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What Is A Symbol

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Nedum Aniemeka
SOSC 12100
February 17th 2014

Collective Thought vs. Individual Thought: Discussing the Categories of Understanding

When discussing the use of symbols in both Durkheim and Strauss’ works, it is important for us to look at how both thinkers talk about the categories of understanding. In Elementary Forms, Durkheim believes the categories of understanding are grounded in the social, using Australian totemism to explain how the primitive mind used symbols derived from collective thought to create the ways in which we categorize ideas in society today. In saying this, he was adopting both an empiricist and a priori approach in explaining the categories. He states that the categories are inherent to human nature, but only
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In the hunt at a distance it is the reverse” (Pg. 52). The use of menstruating woman in hunting eagles is an illustration of how symbols are only meaningful when understood in relationship to other symbols. While in most rites, a menstruating woman is usually regarded as harmful, when used in eagle hunting she is a powerful tool. To put it simply, while in one system she is considered one thing, in another system she is considered something completely different. This is how Strauss believes we form categories and classifications.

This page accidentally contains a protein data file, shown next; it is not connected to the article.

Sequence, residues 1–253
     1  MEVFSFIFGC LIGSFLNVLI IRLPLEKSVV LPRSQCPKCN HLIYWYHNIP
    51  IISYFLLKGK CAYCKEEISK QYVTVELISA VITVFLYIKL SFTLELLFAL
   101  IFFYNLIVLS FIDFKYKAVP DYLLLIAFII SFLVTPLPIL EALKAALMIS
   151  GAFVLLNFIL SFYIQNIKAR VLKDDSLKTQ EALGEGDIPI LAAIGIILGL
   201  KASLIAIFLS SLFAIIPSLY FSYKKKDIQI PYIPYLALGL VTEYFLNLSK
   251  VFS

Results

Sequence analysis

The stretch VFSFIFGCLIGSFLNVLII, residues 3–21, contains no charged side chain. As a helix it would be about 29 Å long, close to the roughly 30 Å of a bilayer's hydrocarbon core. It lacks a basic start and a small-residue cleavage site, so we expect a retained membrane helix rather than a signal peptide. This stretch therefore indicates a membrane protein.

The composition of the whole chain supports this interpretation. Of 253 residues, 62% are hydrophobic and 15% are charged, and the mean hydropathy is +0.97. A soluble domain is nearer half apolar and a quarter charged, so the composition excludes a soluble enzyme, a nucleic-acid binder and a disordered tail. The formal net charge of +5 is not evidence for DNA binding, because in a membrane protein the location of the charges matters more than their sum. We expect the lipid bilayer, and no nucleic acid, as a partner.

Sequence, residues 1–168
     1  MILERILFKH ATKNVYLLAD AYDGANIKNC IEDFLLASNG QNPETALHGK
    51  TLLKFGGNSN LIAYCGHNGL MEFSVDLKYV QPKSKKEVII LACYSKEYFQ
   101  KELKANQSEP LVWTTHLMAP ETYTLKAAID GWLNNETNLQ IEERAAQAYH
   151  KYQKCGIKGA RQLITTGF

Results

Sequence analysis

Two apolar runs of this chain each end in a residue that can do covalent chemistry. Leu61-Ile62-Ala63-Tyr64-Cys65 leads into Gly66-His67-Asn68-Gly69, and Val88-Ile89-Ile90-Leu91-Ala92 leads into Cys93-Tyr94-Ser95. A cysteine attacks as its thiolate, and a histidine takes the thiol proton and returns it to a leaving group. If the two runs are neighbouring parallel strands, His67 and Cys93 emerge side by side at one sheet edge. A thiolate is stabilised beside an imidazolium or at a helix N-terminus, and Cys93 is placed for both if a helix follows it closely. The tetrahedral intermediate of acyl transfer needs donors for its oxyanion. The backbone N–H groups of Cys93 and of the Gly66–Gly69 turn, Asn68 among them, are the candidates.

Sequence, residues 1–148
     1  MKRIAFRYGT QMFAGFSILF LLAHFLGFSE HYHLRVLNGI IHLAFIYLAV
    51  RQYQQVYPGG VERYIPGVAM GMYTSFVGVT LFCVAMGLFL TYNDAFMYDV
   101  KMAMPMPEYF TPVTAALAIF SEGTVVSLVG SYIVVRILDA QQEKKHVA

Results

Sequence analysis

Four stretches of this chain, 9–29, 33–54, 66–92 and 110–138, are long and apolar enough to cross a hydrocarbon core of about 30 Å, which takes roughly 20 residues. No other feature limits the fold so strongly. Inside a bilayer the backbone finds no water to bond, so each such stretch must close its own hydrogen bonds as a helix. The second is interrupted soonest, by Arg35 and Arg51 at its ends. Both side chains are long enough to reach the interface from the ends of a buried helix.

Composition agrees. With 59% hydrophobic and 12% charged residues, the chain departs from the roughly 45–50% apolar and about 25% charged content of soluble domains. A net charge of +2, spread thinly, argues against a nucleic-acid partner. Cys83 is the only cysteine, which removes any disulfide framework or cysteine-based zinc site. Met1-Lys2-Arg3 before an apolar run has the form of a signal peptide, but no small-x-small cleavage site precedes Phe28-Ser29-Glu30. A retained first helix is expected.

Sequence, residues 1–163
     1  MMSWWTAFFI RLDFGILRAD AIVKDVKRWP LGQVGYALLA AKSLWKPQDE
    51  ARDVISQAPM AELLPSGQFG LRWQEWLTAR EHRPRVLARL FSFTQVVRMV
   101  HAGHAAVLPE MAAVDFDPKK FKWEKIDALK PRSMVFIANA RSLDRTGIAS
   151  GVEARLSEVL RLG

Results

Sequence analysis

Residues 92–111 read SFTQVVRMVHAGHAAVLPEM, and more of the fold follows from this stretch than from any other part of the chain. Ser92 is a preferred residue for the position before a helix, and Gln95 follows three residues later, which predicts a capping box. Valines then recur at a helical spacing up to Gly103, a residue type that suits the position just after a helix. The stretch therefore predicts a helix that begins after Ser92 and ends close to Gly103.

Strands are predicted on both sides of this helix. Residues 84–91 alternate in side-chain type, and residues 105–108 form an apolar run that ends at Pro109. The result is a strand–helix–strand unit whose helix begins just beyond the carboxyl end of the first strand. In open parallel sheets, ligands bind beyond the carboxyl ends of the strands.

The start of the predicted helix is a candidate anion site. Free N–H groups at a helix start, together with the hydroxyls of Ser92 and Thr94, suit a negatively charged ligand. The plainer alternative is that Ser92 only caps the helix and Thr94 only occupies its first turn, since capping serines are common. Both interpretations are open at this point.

Though Durkheim does not have such an in depth look at how humans understand relationships within categories, he does discuss what he believes are the origins of classifications in his work. As Durkheim highlights in his analysis of Australian totemism, the most important part of the religion is the feelings of kinship you feel with fellow members of your clan. Because of these strong connections you feel to your totemic group, there is an internal bond that consequently places you into a certain “category”. According to Durkheim, this is the same kind of logic that results in a genus –the way that we sort humans into totemic groups is the same way that we try to find similarities between things in nature and then classify them accordingly. Furthermore, he writes “the only groupings of that kind with which experience acquaints
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